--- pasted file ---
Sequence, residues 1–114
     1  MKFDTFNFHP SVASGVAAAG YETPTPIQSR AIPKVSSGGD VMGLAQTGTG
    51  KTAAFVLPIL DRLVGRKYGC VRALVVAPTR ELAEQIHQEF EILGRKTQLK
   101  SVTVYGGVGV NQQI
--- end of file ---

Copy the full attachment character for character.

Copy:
Sequence, residues 1–114
     1  MKFDTFNFHP SVASGVAAAG YETPTPIQSR AIPKVSSGGD VMGLAQTGTG
    51  KTAAFVLPIL DRLVGRKYGC VRALVVAPTR ELAEQIHQEF EILGRKTQLK
   101  SVTVYGGVGV NQQI